STORIES OF CHANGE
Reclaiming Her Life
*This story contains sensitive content and distressing themes of acid attacks and assault. The content may be triggering for individuals who have experienced or are sensitive to violence, abuse or related topics.
Chhean was a cook in Siem Reap, Cambodia, a widow and sole provider of four children when she discovered one day, that her brother-in-law had sold his two year old daughter to a trafficking ring. She confronted him and demanded he get his daughter back otherwise she would report him. In response, a week after the confrontation, he drove by on his motorcycle while Chhean was working and threw acid on her. It burned her face, eyes, shoulders, left hand and entire left side of her back.
Another woman, Ponleu, experienced a similar form of violence. At 18, she married an older man who was emotionally and physically abusive. After years of enduring his abuse, she gave birth to a daughter. When she finally found the courage to ask for a divorce, the man doused Ponleu with gasoline and lit her on fire in front of their three year old daughter.
In Cambodia, acid attacks and burns violence against women are common and widespread, however the survivors often find themselves without adequate legal, medical and psychological support.
Chhean couldn’t afford medical care and thinking she would never be able to work again and support her family, she battled with thoughts of suicide. Ponleu spent her entire savings on medical treatment and was so ashamed of how she looked, she avoided leaving the house.
Both women eventually found the support they needed through Cambodian Acid Survivors Charity (CASC), a local organization receiving funding from the UN Trust Fund. CASC offers holistic support to survivors of acid burns violence and runs a commune where survivors can access a range of services and support ranging from medical and legal assistance to skills training and peer support.
At a national level, CASC has contributed to draft legislation to regulate the sale of acid and to provide harsher criminal sentences to perpetrators.
Chhen believes if a law had been in place prior to her attack, it would have saved her, “He would not have dared to throw acid on me because he would have been afraid to be sent to prison.”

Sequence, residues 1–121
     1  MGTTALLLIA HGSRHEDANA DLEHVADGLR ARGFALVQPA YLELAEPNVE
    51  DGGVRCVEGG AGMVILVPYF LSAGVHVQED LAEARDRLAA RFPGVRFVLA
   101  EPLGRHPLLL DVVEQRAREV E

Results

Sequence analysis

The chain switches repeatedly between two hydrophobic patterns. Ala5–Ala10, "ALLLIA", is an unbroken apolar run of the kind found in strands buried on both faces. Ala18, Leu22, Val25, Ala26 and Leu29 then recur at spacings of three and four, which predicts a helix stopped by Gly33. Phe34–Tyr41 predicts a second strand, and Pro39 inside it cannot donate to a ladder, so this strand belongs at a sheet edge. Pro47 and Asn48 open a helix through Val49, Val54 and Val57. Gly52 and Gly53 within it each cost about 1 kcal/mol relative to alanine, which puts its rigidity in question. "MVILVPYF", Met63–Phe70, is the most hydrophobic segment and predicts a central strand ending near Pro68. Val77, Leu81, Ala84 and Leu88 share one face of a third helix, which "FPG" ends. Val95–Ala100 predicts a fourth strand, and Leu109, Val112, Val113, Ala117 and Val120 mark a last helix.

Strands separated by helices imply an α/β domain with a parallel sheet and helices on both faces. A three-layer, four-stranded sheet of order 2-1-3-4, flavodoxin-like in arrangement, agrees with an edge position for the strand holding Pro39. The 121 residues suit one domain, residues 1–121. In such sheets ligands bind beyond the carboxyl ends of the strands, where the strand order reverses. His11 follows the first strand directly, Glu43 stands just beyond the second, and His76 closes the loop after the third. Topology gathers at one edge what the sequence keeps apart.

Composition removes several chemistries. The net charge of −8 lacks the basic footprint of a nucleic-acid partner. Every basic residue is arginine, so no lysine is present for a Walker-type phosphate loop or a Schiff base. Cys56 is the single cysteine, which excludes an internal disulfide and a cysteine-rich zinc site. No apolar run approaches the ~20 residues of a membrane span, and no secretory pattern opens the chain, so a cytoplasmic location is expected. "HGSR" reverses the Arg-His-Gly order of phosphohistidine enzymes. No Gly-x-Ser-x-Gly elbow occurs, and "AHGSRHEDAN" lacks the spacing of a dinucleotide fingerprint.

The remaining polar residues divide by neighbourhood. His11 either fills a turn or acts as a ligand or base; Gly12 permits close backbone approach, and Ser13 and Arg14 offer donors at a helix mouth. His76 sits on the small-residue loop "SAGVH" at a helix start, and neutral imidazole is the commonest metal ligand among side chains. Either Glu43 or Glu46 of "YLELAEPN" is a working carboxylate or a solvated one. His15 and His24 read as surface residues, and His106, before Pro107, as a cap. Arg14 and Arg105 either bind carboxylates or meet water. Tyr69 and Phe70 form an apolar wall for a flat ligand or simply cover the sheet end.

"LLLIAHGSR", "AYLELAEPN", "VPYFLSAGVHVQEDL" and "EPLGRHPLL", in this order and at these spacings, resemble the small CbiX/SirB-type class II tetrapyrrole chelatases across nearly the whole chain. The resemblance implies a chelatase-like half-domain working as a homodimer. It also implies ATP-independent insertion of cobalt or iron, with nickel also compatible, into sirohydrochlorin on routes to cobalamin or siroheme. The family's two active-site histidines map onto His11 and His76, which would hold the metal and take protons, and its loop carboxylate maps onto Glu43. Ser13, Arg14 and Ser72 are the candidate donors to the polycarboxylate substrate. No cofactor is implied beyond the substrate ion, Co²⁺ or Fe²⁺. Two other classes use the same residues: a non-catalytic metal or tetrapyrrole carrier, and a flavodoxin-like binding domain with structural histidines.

Both Chhean and Ponleu receive ongoing medical care and employment support at CASC today. The two woman have also become powerful pillars in the community through their support for other survivors of burn violence.
Efforts to End Child Marriage
20 year old Malti Tudu is from Simalbari village in India and is part of a group of young women leaders dedicated to ending child marriage in their communities. In the Santhal Scheduled caste and tribe where Malti belongs, an overwhelming 74% of girls are forced to marry before the age of 18, which is significantly higher than the 42% in other communities.
Globally, an estimated 650 million girls alive today were married under 18. Child marriage often results in early pregnancy, interrupted schooling, limited work opportunities and an increased risk of experiencing domestic violence.
Determined to stamp out child marriage, Malti is one of the many leading young activists working with the Pragya program funded by UN Trust Fund in India. The program focuses on raising awareness, educating communities on the harmful impacts of child marriage and ensuring effective support services for survivors of violence.
Having received training on psychosocial support through the Pragya program, Malti gained confidence in building her skills in counselling. Unafraid of confrontational measures, she once visited the parents of a 16 year old girl whose marriage was being arranged. “Her parents shouted at us, saying that they are in-charge of their daughter’s future… that they had done it before and the wedding was attended by many people.”
Faced with their resistance, Malti and the local women’s group asked everyone they could in the village not to attend the wedding. With persistent efforts, they eventually convinced the girl’s parents to call off the marriage, allowing the young girl to continue her studies.
“I saved a life from getting destroyed,” Malti proudly declares.
The Pragya program stands as a beacon of hope, working towards a future where every girl can grow up free from the shackles of child marriage.
Change is Brewing
Every 35 hours, a woman is killed in Argentina. Cisgender, lesbian and transgender (CLT) women all face high levels of stigma, marginalisation and violence, and their access to justice is limited.
Claudinna, a trans woman survivor of violence in Tucúman, Argentina, says filing complaints of violence to the police almost systematically leads to more violence, and almost never to justice.
“The police take on the role of judges and decide [which] complaints are taken.”
For many trans woman survivors like Claudinna, local women’s rights organisations have become their first point of contact. Fundación Andhes is one such organisation that provides legal support in cases of institutional violence against marginalised groups.
Supported by the UN Trust Fund, Fundación Andhes also works to address discrimination and violence against women by creating safe spaces (in-person and virtual) for CLT women to share their stories and experience with the purpose of informing the organisation’s advocacy strategy to influence structural change in the region.
Claudinna is hopeful for the future, “There is greater visibility of the problem, based on collective work and struggles. Change is brewing.”
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